Q: I’m trying to implement interactWithInputString but my world is not rendering when I’m running Main.java!

A: Make sure to temporarily call ter.renderFrame() (with your appropriate 2-D TETile array input) in interactWithInputString - you must comment this method call out before submitting to the autograder. If you’re using a separate class to generate random worlds, you can debug by creating a main method within that class and calling ter.renderFrame().

Q: How do I close my world after the input :q?

A: Call System.exit(0); You are allowed to System.exit(0), but you cannot use it in your interactWithInputString method.

Q: I want to make a world where we can explore the outdoors or caves or something like that, not a bunch of rooms. What should I do?
A: That’s fine, you can just use the seed to create a starter house (with rooms and hallways) for your avatar that they can freely exit.

Q: Can I make a world, that supports scrolling or multiple levels (i.e. stairs)?
A: Sure. In this case, interactWithInputString should return only the part of the world that is visible on the screen at the time that the last character in the replay string is entered.

Q: Can I add the ability for users to customize their character before creating a world?
A: Yes, but you’ll need to create a fourth main menu option. Your project must support exactly the API described in this spec. That is, “N23123S” must always create a new world with the seed 23123, and must not ask for any additional input from the user.

Q: Why is the phase 1 autograder saying “Could not initialize class edu.princeton.cs.algs4.StdDraw”?
A: Somewhere in your code, your interactWithInputString method tries to use the StdDraw class which is not allowed. For example if you call TERenderer.initialize(), you are using StdDraw. No StdDraw window should open when you call interactWithInputString. We’ve seen some students whose code only opens a StdDraw window for some seeds, so look very carefully.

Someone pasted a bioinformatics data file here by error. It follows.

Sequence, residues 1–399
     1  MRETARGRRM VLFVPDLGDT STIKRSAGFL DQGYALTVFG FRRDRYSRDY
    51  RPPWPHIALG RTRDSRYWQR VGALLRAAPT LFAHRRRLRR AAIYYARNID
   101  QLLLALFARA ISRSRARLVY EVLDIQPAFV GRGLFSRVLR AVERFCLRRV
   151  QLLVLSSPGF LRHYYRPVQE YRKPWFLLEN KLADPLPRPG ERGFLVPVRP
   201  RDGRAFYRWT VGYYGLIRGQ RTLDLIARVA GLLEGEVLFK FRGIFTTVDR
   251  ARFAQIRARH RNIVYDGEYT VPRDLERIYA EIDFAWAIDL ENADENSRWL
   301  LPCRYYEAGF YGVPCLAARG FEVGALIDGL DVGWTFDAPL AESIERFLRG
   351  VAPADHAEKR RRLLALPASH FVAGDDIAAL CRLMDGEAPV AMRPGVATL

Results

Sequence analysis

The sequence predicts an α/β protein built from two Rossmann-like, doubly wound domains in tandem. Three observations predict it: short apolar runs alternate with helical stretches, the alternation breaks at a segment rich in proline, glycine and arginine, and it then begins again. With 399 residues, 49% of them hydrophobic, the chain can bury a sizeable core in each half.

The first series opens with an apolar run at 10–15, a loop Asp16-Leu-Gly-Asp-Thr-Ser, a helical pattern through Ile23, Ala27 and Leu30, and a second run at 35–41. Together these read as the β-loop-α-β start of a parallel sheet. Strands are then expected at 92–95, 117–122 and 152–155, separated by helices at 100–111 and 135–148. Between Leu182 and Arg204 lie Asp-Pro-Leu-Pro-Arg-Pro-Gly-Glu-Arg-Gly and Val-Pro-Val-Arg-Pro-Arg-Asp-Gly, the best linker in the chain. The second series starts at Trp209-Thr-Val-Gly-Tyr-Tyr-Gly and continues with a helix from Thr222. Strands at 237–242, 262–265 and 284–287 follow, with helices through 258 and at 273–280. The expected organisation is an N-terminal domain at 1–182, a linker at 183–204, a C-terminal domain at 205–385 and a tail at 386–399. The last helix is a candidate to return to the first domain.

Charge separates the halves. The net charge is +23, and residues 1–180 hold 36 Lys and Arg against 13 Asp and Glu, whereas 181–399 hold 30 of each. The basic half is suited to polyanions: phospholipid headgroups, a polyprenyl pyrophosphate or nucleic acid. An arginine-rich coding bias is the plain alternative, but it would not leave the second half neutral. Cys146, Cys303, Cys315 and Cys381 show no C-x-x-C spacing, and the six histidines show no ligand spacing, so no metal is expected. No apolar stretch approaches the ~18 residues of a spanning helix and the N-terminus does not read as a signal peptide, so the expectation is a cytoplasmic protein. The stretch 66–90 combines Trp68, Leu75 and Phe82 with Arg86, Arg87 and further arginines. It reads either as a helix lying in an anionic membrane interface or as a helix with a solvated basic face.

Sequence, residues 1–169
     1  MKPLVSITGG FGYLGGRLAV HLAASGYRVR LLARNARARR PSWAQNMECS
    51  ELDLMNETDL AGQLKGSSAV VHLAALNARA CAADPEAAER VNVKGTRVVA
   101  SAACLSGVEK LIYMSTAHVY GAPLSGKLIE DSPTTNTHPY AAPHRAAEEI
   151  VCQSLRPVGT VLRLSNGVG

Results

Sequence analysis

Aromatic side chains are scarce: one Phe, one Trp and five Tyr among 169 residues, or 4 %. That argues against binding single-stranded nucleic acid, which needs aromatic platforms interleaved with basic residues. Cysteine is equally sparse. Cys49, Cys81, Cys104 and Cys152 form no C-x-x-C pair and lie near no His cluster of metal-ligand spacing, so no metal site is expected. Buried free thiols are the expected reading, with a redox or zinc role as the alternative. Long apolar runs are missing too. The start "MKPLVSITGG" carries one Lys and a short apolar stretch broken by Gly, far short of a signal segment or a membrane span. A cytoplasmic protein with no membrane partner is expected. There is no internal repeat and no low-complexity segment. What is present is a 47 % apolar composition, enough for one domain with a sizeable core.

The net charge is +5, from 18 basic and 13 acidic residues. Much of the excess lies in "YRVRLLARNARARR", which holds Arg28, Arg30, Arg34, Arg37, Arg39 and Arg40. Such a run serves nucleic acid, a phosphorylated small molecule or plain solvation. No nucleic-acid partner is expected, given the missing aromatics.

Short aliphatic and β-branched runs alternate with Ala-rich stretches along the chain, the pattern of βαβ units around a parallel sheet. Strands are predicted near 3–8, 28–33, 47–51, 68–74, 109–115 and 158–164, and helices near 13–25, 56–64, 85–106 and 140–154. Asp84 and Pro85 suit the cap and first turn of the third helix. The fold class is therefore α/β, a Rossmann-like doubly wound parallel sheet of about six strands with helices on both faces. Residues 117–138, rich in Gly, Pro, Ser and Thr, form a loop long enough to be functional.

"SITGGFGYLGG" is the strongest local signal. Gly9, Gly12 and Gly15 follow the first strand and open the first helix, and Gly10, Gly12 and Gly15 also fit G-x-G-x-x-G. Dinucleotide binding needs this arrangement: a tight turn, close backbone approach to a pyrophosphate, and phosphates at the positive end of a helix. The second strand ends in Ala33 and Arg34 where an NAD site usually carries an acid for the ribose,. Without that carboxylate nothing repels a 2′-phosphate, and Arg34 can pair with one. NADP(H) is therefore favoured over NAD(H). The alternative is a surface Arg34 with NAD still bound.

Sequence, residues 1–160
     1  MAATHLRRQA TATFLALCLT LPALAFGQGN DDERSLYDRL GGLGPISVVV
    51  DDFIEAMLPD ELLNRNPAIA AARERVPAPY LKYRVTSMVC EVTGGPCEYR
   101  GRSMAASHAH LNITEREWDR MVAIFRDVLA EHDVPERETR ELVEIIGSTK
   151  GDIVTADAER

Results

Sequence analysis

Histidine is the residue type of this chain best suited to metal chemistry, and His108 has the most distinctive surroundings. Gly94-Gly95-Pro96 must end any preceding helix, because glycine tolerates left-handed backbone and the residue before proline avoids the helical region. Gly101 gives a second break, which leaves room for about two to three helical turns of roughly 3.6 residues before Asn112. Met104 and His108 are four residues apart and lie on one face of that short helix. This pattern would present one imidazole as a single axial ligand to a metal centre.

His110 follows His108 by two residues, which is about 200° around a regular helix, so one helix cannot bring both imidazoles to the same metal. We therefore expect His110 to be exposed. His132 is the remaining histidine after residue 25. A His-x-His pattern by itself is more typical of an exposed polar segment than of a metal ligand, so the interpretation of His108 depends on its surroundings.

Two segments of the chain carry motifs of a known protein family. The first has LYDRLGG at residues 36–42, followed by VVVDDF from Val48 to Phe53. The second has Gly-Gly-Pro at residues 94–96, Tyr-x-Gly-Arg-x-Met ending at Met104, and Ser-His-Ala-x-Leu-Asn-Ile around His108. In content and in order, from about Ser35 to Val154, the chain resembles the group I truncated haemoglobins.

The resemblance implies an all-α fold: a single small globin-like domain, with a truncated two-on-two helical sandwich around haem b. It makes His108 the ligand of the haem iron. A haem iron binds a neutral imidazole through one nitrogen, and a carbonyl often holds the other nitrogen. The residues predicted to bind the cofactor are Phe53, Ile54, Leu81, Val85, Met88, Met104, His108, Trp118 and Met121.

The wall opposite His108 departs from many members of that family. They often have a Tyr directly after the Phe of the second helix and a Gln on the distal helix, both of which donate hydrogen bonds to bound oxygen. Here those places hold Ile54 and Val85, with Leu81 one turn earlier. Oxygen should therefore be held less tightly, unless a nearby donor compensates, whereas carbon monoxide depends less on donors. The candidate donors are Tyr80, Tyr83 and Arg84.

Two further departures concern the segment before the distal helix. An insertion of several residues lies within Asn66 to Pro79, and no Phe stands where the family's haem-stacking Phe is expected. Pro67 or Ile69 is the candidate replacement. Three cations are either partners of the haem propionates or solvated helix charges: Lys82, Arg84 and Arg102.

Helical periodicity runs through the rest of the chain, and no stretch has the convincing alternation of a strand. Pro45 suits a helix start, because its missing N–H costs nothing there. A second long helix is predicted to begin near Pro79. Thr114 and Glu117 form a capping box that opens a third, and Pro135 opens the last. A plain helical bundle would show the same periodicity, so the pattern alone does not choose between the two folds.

Q: The autograder is getting a NumberFormatException caused by Integer.parseInt.
A: The Random class takes long as input, so the seeds we provide are too big to fit into an int. You need to use the Long class instead to parse the seed.

Q: The autograder is telling me my worlds are not distinct, even though I run the seeds locally, and the worlds appear visually different.
A: Check to see that every tile you use is represented by a distinct character. This is especially important if you create any new tiles.

Q: Two instances of my class are saying they are not equal when they should be. Also, I set the instance of my class to be the key in a HashMap, but I can’t find it when I try to access that key.
A: Make sure that if you create any classes, override the .equals() method AND the .hashcode() method. This will guarantee that two instances that are equal will have the same hashcode.

Q: I am getting weird autograder messages that don’t make sense with the internals of my code. A: Make sure you are not changing TETile.java’s character field or character() method.

Q: The autograder seems to be exiting early, even when I don’t have a bug in my code? A: Make sure you are not calling System.exit().

Q: What do I do if the input to interactWithInputString() has extra characters after :Q? A: You do not need to worry about replay strings that contain multiple saves or characters after the save, i.e. “N5SDD:QD” is not considered a valid replay string.

Q: What am I supposed to do with the "-p" option in Main.java? A: Don’t worry about it. Your program has no expected functionality with this flag.

Q: I’m getting an AccessControlException on Gradescope but everything works fine locally - what do I do? A: Be sure you’re only creating / writing to files (not directories). This means that you should only be writing to CWD, not any other folders or subfolders.

Q: I’m getting “unreported exception IOException (or some other exception) must be caught or declared to be thrown” on the autograder, but my code works fine locally. A: The autograder probably won’t compile if you throw exceptions in your method signatures. Instead, use a try-catch block with the part of your code that throws the exception, then remove throws from your method signatures.